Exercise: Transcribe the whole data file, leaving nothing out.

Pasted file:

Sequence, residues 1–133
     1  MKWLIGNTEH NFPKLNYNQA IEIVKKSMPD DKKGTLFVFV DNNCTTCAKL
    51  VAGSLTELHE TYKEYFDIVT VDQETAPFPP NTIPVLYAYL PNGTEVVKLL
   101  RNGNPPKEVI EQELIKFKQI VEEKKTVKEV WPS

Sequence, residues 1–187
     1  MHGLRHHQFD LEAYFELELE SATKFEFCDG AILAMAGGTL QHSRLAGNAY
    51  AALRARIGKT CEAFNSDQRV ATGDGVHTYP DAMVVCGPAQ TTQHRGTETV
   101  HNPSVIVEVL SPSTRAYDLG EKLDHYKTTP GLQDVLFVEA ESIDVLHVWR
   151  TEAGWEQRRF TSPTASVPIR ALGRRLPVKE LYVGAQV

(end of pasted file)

Sequence, residues 1–133
     1  MKWLIGNTEH NFPKLNYNQA IEIVKKSMPD DKKGTLFVFV DNNCTTCAKL
    51  VAGSLTELHE TYKEYFDIVT VDQETAPFPP NTIPVLYAYL PNGTEVVKLL
   101  RNGNPPKEVI EQELIKFKQI VEEKKTVKEV WPS

Sequence, residues 1–187
     1  MHGLRHHQFD LEAYFELELE SATKFEFCDG AILAMAGGTL QHSRLAGNAY
    51  AALRARIGKT CEAFNSDQRV ATGDGVHTYP DAMVVCGPAQ TTQHRGTETV
   101  HNPSVIVEVL SPSTRAYDLG EKLDHYKTTP GLQDVLFVEA ESIDVLHVWR
   151  TEAGWEQRRF TSPTASVPIR ALGRRLPVKE LYVGAQV